Response: In response to the Staff’s comment, the Company will revise future filings to include the comparative period amounts for broadcast and over-the-top subscribers, broadcast subscriber churn and average revenue per broadcast subscriber in “Management’s Discussion and Analysis of Financial Condition and Results of Operations (“MD&A”).” By way of example, using the Company’s Form 10-Q for the fiscal quarter ended December 31, 2019 (the “Q2 2020 Form 10-Q”) as a model, in future filings we intend to include the following disclosure in “Management’s Discussion and Analysis of Financial Condition and Results of Operations – Results of Operations – Subscription Video Services,” after the table reporting the segment’s results of operations:
[Table and related footnotes omitted.]
The Company respectfully notes that where changes in these performance indicators have materially affected its results of operations for the reporting period, the Company has historically included a discussion of such changes in MD&A. For example, on page 47 of the Q2 2020 Form 10-Q, the Company disclosed that “The revenue decrease for the three months ended December 31, 2019 was primarily due to lower subscription revenues resulting from lower broadcast subscribers and changes in the subscriber package mix….(italics added).” Similar disclosure was also included for the six months ended December 31, 2019. The Company undertakes in future filings to continue to include such disclosure whenever the impact is material.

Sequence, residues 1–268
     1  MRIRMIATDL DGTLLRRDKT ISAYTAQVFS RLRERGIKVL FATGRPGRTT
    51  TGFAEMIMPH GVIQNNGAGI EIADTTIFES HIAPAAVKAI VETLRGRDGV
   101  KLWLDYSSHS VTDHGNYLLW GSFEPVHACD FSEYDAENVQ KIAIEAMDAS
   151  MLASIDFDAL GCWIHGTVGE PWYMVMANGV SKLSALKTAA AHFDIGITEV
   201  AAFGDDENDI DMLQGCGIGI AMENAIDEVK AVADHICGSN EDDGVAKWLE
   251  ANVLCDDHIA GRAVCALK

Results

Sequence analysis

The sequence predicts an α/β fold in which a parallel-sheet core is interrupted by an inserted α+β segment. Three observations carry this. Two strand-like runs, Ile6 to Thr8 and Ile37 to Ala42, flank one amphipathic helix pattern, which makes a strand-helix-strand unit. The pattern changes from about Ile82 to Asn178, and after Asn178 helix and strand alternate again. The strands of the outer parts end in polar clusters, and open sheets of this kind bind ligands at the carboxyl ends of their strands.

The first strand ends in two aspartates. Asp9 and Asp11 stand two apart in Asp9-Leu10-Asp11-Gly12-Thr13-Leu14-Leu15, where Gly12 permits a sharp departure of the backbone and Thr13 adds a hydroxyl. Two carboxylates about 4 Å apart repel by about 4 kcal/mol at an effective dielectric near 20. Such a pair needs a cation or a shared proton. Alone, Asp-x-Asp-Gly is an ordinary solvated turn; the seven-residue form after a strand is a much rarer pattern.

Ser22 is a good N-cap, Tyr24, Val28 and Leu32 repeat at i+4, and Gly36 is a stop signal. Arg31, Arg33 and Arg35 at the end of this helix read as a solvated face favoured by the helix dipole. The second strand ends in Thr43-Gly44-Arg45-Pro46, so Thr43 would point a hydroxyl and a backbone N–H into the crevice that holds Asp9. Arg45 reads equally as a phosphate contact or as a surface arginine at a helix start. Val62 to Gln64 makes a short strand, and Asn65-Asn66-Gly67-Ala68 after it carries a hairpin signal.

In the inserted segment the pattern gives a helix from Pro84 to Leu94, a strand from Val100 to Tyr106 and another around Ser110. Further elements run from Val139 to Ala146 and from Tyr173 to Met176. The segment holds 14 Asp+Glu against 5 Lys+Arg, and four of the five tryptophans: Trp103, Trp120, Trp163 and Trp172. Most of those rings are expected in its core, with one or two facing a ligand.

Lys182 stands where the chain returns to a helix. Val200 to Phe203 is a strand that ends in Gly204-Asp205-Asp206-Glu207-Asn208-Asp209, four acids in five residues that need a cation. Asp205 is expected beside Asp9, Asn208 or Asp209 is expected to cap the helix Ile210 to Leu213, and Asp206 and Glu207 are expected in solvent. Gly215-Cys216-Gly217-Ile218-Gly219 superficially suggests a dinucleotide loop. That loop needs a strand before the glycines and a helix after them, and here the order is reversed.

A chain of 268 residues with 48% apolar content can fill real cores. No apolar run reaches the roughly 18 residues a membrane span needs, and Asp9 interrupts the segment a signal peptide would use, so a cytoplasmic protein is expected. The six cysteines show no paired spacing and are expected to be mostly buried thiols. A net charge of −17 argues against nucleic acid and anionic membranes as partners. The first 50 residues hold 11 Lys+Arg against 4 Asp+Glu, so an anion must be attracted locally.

The Company respectfully notes that it supplementally discloses various other performance indicators related to its businesses for the convenience of investors and analysts to help them build their own financial models. However, given the breadth and diversity of the Company’s businesses, which include news and information services, subscription video services, book publishing and digital real estate services, and their respective operating models (e.g., advertising versus subscription-based, consumer sales, etc.), management does not consider any of these other performance indicators to be material to the consolidated Company or an understanding of its overall financial condition, changes in financial condition and results of operations and does not use such indicators in managing its business.